When Lola Visits
Written by Michelle Sterling
Illustrated by Aaron Asis
Katherine Tegen Books, 2021, 32 pp
This picturebook is a window into Filipino culture from the perspective of a young Filipina girl growing up in the United States. The book also serves as a mirror for Filipino children in the U.S. who experience visits from family flying in from the Philippines and their shared activities during their stay. In this story, the activities are described through the sights, sounds, smells, and tastes of the various things the main character remembers doing with her lola, which is Tagalog for grandmother.
The story begins with wonder when a little girl tries to recall the beginning of summer. Her mind is instantly filled with a recollection of her lola visiting her from the Philippines and the many memories they share together. Presented as snapshots, some of the sweet moments between the granddaughter and grandmother include cooking sisig (a meat dish served on a sizzling plate), enjoying a fireworks display, preparing lumpia rolls, and eating on banana leaves with their bare hands. The little girl makes numerous comparisons between summer and the different foods, objects, and activities they enjoy together. But when the summer rains come, the little girl must face the bitterness of saying goodbye to her lola. Finding that her life is not the same, the girl learns to find joy again in small moments through the comforting scents of the familiar.
The plot is told through similes and flows easily by featuring common experiences of the young, old, and everyone in between. The story makes numerous references to Filipino food including those not commonly featured in other picturebooks for Filipino American readers. There are also many words from the native language, Tagalog, that add a linguistic dimension to the text. The illustrations are characterized mainly by curved lines and unique brushed strokes suggesting movement and the passing of time. The muted colors also go along with that dreamy effect that the little girl feels as she remembers the memories of summer and her lola. The illustrations are effective in emphasizing the changing moods in the story, such as anticipation, excitement, dreariness, and encouragement.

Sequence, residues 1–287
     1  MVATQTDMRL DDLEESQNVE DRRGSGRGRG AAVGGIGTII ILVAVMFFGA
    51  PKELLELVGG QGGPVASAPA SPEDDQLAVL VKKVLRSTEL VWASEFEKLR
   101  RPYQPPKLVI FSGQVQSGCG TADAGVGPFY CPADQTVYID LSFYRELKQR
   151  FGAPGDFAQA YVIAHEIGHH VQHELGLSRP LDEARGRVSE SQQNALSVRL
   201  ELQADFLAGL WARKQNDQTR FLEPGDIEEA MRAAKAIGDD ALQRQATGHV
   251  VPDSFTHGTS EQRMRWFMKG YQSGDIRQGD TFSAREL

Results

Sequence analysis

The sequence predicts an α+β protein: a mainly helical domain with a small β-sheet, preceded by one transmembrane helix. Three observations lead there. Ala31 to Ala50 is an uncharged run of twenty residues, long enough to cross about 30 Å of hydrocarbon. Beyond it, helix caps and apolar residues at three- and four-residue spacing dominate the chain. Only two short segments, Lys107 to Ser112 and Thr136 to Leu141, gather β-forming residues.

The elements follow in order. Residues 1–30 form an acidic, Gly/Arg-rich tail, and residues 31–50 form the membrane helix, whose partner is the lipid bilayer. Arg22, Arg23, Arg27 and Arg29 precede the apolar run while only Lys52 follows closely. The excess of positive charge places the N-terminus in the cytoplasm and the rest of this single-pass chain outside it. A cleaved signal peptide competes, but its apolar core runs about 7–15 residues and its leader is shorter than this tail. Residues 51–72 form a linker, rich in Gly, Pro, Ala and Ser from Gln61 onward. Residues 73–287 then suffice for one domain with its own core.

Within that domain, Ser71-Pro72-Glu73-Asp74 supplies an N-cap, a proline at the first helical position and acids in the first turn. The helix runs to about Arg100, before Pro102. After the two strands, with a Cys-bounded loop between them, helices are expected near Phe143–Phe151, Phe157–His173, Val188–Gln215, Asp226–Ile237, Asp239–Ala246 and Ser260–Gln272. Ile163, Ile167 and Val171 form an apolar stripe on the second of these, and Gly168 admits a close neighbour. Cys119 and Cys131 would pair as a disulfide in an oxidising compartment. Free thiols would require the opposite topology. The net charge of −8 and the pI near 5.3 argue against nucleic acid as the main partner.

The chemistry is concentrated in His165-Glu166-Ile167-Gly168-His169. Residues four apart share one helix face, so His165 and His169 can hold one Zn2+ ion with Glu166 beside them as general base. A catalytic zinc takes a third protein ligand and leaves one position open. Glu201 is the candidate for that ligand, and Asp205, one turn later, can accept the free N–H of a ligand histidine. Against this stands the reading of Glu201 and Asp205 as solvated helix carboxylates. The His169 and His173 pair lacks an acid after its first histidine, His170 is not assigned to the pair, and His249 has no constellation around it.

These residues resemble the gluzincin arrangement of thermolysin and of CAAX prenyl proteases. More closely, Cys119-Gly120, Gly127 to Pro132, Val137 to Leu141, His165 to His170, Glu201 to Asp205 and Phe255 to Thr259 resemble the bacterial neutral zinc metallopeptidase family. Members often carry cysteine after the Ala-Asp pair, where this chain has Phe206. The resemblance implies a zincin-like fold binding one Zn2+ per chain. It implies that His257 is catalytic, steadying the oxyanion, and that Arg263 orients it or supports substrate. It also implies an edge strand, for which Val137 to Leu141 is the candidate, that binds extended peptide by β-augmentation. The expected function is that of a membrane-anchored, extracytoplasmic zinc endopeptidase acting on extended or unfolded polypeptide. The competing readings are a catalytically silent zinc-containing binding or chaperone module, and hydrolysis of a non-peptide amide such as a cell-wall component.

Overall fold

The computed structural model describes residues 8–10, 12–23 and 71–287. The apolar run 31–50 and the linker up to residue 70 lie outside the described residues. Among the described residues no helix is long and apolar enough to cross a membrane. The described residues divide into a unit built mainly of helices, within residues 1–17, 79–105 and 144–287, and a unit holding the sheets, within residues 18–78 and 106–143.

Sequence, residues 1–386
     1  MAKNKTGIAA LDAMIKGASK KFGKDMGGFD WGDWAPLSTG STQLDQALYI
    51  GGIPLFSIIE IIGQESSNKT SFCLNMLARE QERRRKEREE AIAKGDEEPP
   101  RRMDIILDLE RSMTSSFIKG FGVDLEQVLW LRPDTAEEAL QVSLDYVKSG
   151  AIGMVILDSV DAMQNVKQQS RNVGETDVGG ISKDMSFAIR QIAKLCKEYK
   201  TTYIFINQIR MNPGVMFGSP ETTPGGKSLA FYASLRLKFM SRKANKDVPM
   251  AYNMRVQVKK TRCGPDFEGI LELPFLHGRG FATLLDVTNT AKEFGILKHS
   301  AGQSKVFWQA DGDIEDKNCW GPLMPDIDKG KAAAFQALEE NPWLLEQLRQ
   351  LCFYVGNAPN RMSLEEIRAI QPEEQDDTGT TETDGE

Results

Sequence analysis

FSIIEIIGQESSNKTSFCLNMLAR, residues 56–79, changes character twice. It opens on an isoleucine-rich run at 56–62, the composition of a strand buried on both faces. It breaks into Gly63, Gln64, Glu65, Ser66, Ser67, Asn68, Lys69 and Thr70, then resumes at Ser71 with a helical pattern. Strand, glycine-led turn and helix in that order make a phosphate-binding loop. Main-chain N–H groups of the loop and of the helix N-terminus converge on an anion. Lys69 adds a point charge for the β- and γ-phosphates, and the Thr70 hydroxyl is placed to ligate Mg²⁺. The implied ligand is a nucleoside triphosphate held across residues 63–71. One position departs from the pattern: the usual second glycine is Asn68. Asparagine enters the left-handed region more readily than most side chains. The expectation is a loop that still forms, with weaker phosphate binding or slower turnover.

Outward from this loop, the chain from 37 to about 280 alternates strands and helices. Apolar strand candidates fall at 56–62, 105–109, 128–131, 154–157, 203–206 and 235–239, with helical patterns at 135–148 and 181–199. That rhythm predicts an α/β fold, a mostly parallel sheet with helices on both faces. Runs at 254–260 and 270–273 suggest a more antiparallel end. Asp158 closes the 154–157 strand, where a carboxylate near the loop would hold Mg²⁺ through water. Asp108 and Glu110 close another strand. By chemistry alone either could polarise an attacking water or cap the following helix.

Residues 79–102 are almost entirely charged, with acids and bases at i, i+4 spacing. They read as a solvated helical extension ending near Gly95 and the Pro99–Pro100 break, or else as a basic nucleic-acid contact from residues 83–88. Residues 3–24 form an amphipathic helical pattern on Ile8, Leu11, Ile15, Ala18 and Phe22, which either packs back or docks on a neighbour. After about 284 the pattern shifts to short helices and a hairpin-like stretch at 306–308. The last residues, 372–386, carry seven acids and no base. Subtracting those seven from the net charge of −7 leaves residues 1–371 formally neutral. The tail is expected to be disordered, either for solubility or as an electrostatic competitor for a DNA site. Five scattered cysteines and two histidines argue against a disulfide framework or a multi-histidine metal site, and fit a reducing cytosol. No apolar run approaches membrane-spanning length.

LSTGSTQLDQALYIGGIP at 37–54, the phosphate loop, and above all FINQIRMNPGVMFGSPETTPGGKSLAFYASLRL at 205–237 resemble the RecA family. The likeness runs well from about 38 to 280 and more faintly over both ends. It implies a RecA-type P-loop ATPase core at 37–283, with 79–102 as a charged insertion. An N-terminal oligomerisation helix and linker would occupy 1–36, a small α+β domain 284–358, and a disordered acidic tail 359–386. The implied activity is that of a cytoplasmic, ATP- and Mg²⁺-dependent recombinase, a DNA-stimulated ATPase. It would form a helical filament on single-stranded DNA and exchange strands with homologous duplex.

As a reader with Filipino heritage, this piece is authentic in foregrounding the special bond between grandparents and grandchildren as situated in a Filipino household. It validates the role of grandparents in looking after grandchildren especially when both parents are working. This idea of “extended family” is a core quality of many Filipino households, and the book highlights this in a double page spread of kamayan.
This book would be a great multicultural piece to include in a text set focusing on family coming to visit. The text set could include titles like: The Relatives Came by Cynthia Rylant and Stephen Gammell (1993) about a big family reunion in West Virginia; Bigmama’s by Donald Crews (1998), a story that describes four siblings visiting their grandmother in Cottondale, Florida; and Amah Faraway by Margaret Chiu Greanias and Tracy Subisak (2022), which follows Kylie as she visits Taipei, Taiwan to be reunited with her grandmother.
This book is written by Michelle Sterling, a Filipina children’s picturebook author who is also a photographer, speech-language pathologist, and food connoisseur. Her mother is from the Ilocos region in the Philippines while her father is from Manila, the country’s capital. When Lola Visits is her debut picturebook. This book is illustrated by Aaron Asis, a Filipino illustrator and graphic designer based in Manila, Philippines. Visit behance.net/aaronasis to follow his expressive artwork.
Elizabeth Isidro, Western Michigan University
Authors retain copyright over the vignettes published in this journal and grant the journal right of first publication with the work simultaneously licensed under the following Creative Commons License:
WOW Review, Volume XIV, Issue 3 by Worlds of Words is licensed under a Creative Commons Attribution-NonCommercial-ShareAlike 4.0 International License. Based on work at https://wowlit.org/on-line-publications/review/xiv-3/8
WOW review: reading across cultures